For instance, FBI Director Robert Mueller testified before the Senate Judiciary Committee on 19 June 2013 that the FBI owns and uses UAVs for the purposes of “surveillance”.

Considering the drone capabilities, different drones are capable of traveling varying heights and distances. Very close-range drones usually have the ability to travel up to three miles and are mostly used by hobbyists.

Close-range UAVs have a range of around 30 miles. Short-range drones travel up to 90 miles and are used primarily for espionage and intelligence gathering.

Mid-range UAVs have a 400-mile distance range and could be used for intelligence gathering, scientific studies and meteorological research. The longest-range drones are called “endurance” UAVs and have the ability to go beyond the 400-mile range and up to 3,000 feet in the air. Above mentioned capabilities of drones must be considered while formulating drone policy and strategy.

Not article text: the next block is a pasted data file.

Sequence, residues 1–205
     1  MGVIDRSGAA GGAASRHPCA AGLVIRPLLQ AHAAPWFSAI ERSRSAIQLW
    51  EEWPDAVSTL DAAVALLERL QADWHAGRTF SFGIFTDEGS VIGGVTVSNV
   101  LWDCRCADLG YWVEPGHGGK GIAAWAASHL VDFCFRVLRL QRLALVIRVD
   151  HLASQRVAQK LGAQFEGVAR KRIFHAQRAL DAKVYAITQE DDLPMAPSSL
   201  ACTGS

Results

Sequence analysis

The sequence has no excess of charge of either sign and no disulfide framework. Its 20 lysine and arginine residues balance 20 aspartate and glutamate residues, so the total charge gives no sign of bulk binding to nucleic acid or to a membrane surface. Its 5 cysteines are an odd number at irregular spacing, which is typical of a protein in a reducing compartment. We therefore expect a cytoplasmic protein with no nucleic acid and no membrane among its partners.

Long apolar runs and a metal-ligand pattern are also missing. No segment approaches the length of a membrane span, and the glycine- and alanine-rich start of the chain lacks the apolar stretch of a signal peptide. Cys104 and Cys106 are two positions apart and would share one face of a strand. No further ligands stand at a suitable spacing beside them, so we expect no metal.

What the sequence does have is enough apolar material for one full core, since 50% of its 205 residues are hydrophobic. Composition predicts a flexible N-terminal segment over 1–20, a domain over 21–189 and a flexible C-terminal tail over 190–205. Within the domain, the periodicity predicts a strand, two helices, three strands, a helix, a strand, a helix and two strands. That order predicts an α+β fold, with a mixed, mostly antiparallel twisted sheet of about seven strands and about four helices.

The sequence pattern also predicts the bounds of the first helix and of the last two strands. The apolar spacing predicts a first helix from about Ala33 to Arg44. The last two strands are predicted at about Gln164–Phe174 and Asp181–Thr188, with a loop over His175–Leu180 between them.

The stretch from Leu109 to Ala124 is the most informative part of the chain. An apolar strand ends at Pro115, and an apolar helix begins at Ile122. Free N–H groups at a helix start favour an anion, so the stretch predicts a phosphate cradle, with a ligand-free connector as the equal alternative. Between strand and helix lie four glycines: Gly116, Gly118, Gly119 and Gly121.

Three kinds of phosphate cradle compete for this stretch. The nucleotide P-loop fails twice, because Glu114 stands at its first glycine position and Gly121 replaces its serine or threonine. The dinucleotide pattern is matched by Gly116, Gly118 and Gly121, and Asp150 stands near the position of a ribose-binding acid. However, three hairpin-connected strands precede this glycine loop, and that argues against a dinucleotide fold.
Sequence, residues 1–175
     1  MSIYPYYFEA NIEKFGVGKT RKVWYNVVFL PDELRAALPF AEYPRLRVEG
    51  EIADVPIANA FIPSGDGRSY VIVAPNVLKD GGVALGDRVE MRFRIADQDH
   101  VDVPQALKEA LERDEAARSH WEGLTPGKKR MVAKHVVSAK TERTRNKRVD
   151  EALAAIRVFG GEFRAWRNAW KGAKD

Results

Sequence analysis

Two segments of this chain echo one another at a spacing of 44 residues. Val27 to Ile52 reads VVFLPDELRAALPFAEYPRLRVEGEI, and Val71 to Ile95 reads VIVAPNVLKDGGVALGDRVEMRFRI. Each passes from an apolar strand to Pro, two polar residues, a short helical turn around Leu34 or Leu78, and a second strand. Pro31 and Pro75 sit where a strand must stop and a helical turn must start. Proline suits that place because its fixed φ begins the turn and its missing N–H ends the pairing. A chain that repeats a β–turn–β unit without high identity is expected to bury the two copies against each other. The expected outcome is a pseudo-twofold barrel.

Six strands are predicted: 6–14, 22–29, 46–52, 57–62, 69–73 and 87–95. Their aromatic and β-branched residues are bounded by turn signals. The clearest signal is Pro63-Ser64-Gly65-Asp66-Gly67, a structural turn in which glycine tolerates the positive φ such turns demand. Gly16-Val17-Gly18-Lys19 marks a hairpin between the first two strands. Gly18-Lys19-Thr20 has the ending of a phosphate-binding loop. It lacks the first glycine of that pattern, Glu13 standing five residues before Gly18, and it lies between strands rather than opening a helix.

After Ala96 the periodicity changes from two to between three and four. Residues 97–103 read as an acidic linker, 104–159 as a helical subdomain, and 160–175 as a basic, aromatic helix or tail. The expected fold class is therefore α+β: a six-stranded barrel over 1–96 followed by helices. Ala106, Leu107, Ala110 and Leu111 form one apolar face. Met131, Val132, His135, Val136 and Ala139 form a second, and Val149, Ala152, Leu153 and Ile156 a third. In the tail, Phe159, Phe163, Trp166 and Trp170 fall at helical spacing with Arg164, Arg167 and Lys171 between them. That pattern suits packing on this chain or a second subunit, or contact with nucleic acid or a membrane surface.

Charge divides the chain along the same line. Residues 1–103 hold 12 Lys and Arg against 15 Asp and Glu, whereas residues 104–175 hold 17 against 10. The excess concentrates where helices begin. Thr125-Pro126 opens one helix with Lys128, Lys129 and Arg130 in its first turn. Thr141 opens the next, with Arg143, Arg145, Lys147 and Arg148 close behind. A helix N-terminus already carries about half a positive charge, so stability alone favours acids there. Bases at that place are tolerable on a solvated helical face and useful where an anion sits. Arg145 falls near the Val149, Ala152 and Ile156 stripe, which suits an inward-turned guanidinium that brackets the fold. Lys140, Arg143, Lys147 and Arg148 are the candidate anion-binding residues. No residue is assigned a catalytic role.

Based on flying capacity and diverse uses of drones, drones can be categorized into four different types such as recreational flyers, certificated remote pilots including commercial operators, public safety and government users and lastly for educational purposes. Drones should be monitored and operated under Pakistan Civil Aviation Authority by giving registration numbers to every single drone.

Drones registration can help in regulating flying of drones for security and commercial purposes which will help in controlling drones in no-fly zones or many other sensitive areas. Registration of drones will be a major prerequisite for controlling and regulating drones flying in the country.

For drones registration basic information such as owner’s name, valid ID number (such as ID or passport number), mobile phone and email address, product model number, serial number, purpose of use must be registered before giving permission for drones operation in any area.